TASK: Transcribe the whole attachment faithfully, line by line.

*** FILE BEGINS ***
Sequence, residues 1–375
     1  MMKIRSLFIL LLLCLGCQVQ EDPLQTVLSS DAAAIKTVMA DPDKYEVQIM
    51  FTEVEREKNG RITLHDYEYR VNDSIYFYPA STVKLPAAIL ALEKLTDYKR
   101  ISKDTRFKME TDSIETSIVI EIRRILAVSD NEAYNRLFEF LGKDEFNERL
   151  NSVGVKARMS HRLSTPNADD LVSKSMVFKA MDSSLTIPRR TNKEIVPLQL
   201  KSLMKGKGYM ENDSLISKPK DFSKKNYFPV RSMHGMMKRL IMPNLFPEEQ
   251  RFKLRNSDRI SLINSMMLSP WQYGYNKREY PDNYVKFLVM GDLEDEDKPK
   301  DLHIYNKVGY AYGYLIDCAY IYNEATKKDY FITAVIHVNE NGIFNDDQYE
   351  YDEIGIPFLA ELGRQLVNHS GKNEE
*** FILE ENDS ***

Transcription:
Sequence, residues 1–375
     1  MMKIRSLFIL LLLCLGCQVQ EDPLQTVLSS DAAAIKTVMA DPDKYEVQIM
    51  FTEVEREKNG RITLHDYEYR VNDSIYFYPA STVKLPAAIL ALEKLTDYKR
   101  ISKDTRFKME TDSIETSIVI EIRRILAVSD NEAYNRLFEF LGKDEFNERL
   151  NSVGVKARMS HRLSTPNADD LVSKSMVFKA MDSSLTIPRR TNKEIVPLQL
   201  KSLMKGKGYM ENDSLISKPK DFSKKNYFPV RSMHGMMKRL IMPNLFPEEQ
   251  RFKLRNSDRI SLINSMMLSP WQYGYNKREY PDNYVKFLVM GDLEDEDKPK
   301  DLHIYNKVGY AYGYLIDCAY IYNEATKKDY FITAVIHVNE NGIFNDDQYE
   351  YDEIGIPFLA ELGRQLVNHS GKNEE